Why is it that seeing the world through a camera looks different from what we see naturally? This article explains what the similarities and the differences are. It makes a distinction between subjective measurement (real eye) and absolute measurement (camera). But cameras allow us to distort and comment on a situation through nuances in the way a scene is staged. And our eyes ‘see’ a different kind of reality. Take this brilliant trolley time lapse captured when the volcano in Iceland erupted. Early use of the time lapse technique had footage in which clouds moved swiftly across the sky and flowers bloomed before our startled eyes. The cameras were fixed and exposed a frame every few seconds. But in the Iceland volcano clip, the camera pans across the scene as well, heightening the impact. Our eyes cannot slow down the action even when it happens right in front of us. That’s why we are amazed when we see this perspective.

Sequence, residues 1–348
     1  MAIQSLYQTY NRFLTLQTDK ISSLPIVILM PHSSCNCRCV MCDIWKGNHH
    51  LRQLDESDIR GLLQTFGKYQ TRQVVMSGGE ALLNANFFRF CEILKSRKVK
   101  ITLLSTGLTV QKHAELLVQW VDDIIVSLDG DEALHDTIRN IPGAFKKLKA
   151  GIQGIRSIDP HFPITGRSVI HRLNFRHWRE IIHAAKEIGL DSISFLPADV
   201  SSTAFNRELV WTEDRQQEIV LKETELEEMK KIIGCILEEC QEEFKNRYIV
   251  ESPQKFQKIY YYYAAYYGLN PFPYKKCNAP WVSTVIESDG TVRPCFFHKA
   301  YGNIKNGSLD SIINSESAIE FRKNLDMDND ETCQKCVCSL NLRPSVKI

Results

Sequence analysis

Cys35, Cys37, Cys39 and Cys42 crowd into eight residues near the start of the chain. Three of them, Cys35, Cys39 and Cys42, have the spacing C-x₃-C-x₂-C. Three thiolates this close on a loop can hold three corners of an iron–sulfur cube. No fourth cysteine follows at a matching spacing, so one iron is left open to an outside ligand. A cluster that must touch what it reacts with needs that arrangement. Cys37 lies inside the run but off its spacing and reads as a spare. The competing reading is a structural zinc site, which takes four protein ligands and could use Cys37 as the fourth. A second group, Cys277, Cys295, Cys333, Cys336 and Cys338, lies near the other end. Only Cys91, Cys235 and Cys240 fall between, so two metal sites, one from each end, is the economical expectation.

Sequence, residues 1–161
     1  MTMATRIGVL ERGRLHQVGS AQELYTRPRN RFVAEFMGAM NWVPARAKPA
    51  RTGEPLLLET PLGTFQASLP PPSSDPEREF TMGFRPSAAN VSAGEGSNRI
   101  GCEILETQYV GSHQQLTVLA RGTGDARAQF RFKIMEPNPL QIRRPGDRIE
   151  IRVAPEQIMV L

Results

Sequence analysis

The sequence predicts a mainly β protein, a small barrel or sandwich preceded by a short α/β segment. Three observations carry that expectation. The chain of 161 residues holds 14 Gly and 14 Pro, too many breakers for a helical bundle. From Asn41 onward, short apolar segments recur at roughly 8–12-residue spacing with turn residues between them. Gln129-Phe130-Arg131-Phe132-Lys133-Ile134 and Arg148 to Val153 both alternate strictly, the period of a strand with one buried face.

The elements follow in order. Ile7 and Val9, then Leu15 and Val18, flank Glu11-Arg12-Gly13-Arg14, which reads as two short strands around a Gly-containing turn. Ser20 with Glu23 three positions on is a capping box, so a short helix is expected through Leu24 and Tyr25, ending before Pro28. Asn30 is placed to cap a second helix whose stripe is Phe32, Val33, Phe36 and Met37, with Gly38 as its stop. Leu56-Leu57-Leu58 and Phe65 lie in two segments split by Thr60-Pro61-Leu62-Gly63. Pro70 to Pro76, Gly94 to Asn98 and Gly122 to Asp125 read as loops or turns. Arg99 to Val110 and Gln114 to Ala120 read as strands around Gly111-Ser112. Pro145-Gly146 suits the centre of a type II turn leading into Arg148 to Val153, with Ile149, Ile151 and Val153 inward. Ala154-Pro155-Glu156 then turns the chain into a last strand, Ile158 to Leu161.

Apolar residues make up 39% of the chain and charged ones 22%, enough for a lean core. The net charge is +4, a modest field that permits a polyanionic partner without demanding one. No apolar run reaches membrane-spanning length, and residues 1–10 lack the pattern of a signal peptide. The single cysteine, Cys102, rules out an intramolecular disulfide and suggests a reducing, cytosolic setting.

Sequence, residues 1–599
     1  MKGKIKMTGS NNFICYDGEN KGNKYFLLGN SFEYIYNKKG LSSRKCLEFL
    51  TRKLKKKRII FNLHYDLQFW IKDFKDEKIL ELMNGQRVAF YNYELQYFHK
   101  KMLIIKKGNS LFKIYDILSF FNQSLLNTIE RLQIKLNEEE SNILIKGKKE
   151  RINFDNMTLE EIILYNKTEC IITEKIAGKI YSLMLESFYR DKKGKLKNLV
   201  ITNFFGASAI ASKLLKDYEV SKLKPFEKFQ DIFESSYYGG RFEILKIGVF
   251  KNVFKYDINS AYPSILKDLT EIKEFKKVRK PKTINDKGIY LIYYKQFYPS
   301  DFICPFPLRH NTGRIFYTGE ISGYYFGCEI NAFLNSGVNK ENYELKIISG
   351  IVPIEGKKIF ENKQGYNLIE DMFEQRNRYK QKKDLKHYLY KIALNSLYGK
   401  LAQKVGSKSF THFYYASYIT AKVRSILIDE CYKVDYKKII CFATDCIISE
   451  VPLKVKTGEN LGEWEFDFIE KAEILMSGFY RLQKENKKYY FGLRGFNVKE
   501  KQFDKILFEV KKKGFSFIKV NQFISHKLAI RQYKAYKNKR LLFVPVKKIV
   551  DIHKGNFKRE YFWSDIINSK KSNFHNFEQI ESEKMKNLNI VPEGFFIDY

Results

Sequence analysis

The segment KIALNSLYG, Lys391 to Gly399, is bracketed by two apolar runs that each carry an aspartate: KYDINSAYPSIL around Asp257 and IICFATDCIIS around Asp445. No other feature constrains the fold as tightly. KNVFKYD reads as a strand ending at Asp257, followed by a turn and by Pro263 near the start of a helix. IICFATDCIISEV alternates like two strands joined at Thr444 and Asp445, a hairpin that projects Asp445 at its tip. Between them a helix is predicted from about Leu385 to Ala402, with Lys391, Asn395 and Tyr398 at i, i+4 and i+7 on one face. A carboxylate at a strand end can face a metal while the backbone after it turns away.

Ultra high-speed photography captures water balloons bursting into hundreds of tiny fragments. Or the flight of hummingbirds. And water sculptures. These are frames that are invisible in real life. Gone in microseconds without the ability to process the image at the speed at which the action is happening. In football games, cricket and basketball, shots are slowed down, dissected, analysed by commentators and used by coaches to correct moves and magnify the mistakes committed by opponents. In swimming, they are used to refine the action of swimmers to get that elusive microsecond advantage that could make the difference between a gold and a silver medal.
This post by David Pogue of the New York Times shows how amateurs can capture the action before it begins. Getting fluid shots of athletes in motion used to be a hit and miss affair even for professionals with their bulky equipment and telephoto lenses. But a combination of sensors that detect the action and the ability to anticipate it are letting our eyes and our senses fragment time far beyond the normal experience.